starting point is where you arms are to our side with the elbows
bositioned under the shoulder . Keep a little bend to your elbow,
tighen your stomach and raise the dumbbells until the wrist is
level with the shoulder. Hesitate slightly on the top and return
the the starting position. Remember to go with a 2 count on the
way up and a slower four count on the way down.
Muscle: Gluteus Maximus (Buttocks)
Bad Choice: Traveling Dumbbell or Barbell Lunges
Why it's risky?
Ah yes...the favorite exercise of many women because of their magic
ability to melt fat off the butt. Not so fast little Missy! First
off, spot reducing fat using weights doesn't work. Cardiovascular
fitness using aerobic exercise burns the fat. But beyond that if
you really think about it traveling lunges are really no more than
a one legged squat in motion. How many times in the course of your
everyday life do you squat on one leg while traveling across the
room with a weight bearing force on your back? May sound like a
stupid question but I'm a big believer that if a movement in the
gym doesn't mimic one that you will encounter in your everyday
life then why even bother with it anyway? This concept is called
functional exercise. You may feel these in the gluts but along
with a nice "butt burn" comes the added bonus of about 5 times
your body weight plus the weight of the bar or dumbbell on each
knee joint as you lunge forward with momentum. Not too cool.
Safer Alternatives - Stationery Lunges
There are many other ways to get some good butt or glute work in
without risking the integrity of one of the most important joints
in the body, the knee. A statonery modified lunge is a gret way
to work the glutes without using momentum.
Form & Technique - Whether you use a barbell in a Smith
machine or free standing with good old fashioned dumbbells, these
are much safer than any walking lunge. Stand with your legs about
shoulder width apart and bring on leg forward and one leg backward.
Position your legs so as you bend your knees and lower your body
to the floor, both legs are at 90 degree angles. Start in a standing
position with good posture by keeping the abs tight and spine perpendicular
to the floor. Gently lower your body weight while holding a dumbbell
in each hand until the knee on your back leg almost touches the
floor. Push through the floor on the front foot as you return to
the starting position and flex your front thigh muscle. When you
are almost stanind upright again, flex the glute muscle on the
- Muscle: Medial & Anterior (middle & front shoulder)
Bad Choice: Behind the head military barbell press
Why it's risky?
Behind the head military press using dumbbells, barbell or machines
has almost the same negative affects as the behind the head lat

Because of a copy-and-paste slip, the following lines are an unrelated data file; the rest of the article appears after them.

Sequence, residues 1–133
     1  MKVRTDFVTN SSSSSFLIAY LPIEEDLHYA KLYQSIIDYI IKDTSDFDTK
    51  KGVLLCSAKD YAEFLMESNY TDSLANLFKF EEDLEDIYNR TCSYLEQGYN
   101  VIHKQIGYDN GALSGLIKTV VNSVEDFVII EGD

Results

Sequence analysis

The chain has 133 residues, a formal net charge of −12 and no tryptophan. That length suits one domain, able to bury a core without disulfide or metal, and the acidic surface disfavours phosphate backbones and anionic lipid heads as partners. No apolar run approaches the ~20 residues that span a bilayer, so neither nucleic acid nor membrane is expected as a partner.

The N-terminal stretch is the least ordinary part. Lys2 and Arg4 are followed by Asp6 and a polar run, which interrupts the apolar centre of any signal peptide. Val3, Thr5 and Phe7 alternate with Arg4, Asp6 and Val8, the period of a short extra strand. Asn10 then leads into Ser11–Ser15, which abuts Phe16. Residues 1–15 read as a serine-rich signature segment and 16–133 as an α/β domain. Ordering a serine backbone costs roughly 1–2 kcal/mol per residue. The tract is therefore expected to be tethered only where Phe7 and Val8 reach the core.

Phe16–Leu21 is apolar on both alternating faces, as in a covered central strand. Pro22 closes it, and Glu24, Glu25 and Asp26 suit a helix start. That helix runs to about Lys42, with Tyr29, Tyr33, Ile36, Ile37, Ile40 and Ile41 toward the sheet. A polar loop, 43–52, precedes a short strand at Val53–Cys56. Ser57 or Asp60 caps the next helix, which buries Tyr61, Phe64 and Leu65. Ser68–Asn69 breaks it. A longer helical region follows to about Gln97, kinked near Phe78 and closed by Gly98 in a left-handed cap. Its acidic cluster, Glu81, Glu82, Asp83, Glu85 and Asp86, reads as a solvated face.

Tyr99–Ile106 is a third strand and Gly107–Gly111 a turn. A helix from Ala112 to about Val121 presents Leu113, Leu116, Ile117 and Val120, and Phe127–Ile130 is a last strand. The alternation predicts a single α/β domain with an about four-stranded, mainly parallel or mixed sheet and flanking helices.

pulldown by stressing the rotator cuff and upper spine. How many
times in your everyday life do you decide to left heavy things
behind your back and over your head while in a seated or standing
position? I don't know about you but I can think of about a million
more things I would much rather do with my time. Just isn't functional.
Safer Alternative - Side Lateral Dumbbell Raises
Side lateral raises are a much more effective exercise for
working the medial (middle) deltoid or shoulder without putting
stress on the shoulder joint or rotator cuff. The key here is limiting
the range of motion so the elbows are not lifted above the shoulders
at the top of the movement or too far inside the body at the bottom
of the movement.
Form & Technique
When in doubt check the spine!
The simplest way to make good exercise choices is checking your spinal
alignment out. If an exercise does not allow you to maintain the natural
s-curves or positioning of your spine then it is probably not the wisest
choice regardless of what your fitness level is. Try this theory out
by just watching others performing exercises in the gym while you are
resting between sets and zoom in on their back alignment. If the natural
arch or curves in the upper and lower back are being compromised while
performing the exercise, then there is probably a better choice available
that is much safer and much more functional. If performing the exercise
looks painful it probably is.
Use your head, listen to your body!
Ok, so now that you know my take on what I don't recommend it is up to
you to make the choice. It's your body but I would really like to see
you be able to weight train way beyond your retirement years. Weight
training will benefit you as long as you can do it so don't cut your
strength training career short by risking injuries to your joints while
trying to do yourself some good. The no pain no gain cliché is nothing
more than that. If you experience joint pain from a movement or find
that an exercise or machine just doesn't feel right then you should
be asking yourself why it is still in your workout routine. It may
be the best excuse to add some variety to your workouts anyway. Ask
a qualified trainer at your gym for safe alternatives that accomplish
the same thing. There is more than one way to work a muscle and more
importantly protect your joints at the same time. Once the joint breaks
down you can't work much muscle anyway. Maximize your results by minimizing
risk every time you show up at the gym.
Always consult your physician before starting any exercise program including
cardiovascular or resistance training.
Good health to you. Exercise often...eat well...fuel your
body...train smart...build momentum...stay focused...train for life
Michael Merlino is a Certified Professional
Fitness Trainer and owner of Merlino Fitness and MerlinoFitness.com.
He trains his clients at the Houston Downtown YMCA and his private
fitness studio. Michael can be reached at 713.523.2577 or e-mail
him at firstname.lastname@example.org. Click on one of the links below for more information
on Michael and his fitness services.